"When I raised concerns to Grenell about politicizing this post, he personally assured me that once he became ambassador he would stay out of politics," Murphy said on Twitter. "This interview is awful — ambassadors aren't supposed to 'empower' any political party overseas.”
Reinhard Bütikofer, a German member of the European Parliament, said Grenell would not be "very effective in his official function if he misunderstands his mission like that."
"Already his second major misstep," Bütikofer added in an apparent reference to the ambassador saying that German companies “doing business in Iran should wind down operations immediately" after Trump announced the U.S. was pulling out of the international nuclear deal with Iran.
“It’s totally out of line for a U.S. ambassador, particular to a friendly country, to make comments that associate himself with one lane of the political spectrum in the host nation,” said Stewart Patrick, a senior fellow at the Council on Foreign Relations, who focuses on international cooperation.
"This is a NATO ally and one of our closest partners in Europe and the last thing he should be doing is inserting himself in its political future," he added. "If the shoe was on the other foot, Americans would be appropriately outraged."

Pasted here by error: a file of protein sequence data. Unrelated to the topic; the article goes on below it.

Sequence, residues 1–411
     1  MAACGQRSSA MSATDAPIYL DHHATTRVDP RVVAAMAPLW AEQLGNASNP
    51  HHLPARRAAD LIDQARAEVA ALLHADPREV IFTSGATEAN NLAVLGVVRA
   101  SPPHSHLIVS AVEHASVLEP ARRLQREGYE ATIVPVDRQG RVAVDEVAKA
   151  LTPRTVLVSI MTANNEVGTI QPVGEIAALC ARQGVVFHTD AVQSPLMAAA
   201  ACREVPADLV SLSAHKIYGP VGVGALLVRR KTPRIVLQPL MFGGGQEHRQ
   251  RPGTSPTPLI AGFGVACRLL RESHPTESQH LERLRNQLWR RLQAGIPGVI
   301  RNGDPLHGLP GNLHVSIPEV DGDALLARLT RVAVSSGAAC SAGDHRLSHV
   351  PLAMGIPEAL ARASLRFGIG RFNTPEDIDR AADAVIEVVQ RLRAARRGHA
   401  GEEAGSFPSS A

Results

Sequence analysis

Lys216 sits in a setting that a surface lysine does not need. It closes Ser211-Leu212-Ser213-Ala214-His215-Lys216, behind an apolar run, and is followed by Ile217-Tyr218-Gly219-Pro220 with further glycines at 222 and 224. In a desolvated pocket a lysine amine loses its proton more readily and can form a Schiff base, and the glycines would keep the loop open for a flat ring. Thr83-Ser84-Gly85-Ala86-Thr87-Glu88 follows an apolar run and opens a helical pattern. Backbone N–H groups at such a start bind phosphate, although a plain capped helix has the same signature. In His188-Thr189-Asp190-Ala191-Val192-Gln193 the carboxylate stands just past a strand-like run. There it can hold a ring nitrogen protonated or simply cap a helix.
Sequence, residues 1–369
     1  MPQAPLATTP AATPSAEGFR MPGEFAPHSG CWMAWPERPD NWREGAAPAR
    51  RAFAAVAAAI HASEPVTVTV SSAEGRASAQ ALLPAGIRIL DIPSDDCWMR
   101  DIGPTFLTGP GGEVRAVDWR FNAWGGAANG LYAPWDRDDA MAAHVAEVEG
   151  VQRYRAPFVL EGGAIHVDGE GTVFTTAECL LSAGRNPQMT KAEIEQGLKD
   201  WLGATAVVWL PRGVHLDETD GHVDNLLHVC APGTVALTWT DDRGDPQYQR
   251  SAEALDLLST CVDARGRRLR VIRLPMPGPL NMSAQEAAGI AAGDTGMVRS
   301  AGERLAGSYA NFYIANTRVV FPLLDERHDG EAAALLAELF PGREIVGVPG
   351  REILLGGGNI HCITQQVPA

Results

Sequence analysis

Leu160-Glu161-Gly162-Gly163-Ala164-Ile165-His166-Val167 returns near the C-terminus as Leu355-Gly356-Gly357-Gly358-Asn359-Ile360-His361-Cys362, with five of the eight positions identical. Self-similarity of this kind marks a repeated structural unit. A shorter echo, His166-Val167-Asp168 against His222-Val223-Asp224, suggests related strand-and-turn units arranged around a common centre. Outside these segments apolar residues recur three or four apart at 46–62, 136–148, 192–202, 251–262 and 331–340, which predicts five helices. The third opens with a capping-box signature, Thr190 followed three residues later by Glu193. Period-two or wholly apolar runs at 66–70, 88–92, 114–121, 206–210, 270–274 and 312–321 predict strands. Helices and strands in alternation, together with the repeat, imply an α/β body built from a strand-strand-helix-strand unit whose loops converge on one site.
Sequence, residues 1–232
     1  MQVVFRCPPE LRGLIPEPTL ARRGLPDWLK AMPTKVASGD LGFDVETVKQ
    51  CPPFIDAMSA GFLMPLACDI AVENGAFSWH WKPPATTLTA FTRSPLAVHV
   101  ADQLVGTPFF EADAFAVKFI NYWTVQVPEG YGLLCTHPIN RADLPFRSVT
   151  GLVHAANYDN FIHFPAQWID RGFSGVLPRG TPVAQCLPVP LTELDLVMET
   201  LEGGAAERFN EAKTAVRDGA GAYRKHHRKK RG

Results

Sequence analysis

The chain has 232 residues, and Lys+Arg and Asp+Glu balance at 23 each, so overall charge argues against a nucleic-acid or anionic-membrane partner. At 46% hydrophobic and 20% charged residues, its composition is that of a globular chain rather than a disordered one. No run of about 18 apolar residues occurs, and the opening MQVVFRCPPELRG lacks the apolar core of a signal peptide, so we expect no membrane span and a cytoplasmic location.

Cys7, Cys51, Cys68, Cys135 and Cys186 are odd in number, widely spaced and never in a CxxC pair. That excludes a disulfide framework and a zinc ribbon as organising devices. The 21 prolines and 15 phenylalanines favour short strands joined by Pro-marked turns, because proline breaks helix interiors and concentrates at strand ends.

The president's son Donald Trump Jr., meanwhile, countered the criticism Sunday evening.
Grenell, a former U.S. spokesman at the United Nations under President George W. Bush, pushed back against his critics.
"The idea that I’d endorse candidates / parties is ridiculous," he said in a tweet. "I stand by my comments that we are experiencing an awakening from the silent majority — those who reject the elites and their bubble. Led by Trump."
In the same interview, Grenell also expressed admiration for Austrian Chancellor Sebastian Kurz, who won last year's election with a hard line on immigration and has formed a coalition with the far right Freedom Party.
"I think Sebastian Kurz is a rockstar. I’m a big fan,” he said.
A spokesperson for the German Foreign Ministry told journalists that officials had asked the U.S. for "clarification" and if Grenell's comments had been "given the way they were published."
Grenell received a master's degree in public administration from Harvard, was the longest-serving U.S. spokesman at the United Nations, and briefly worked for GOP presidential candidate Mitt Romney, according to the biography on his website.
He is also a founding partner of Capitol Media Partners, an international strategic communications firm with offices in Washington, New York and California.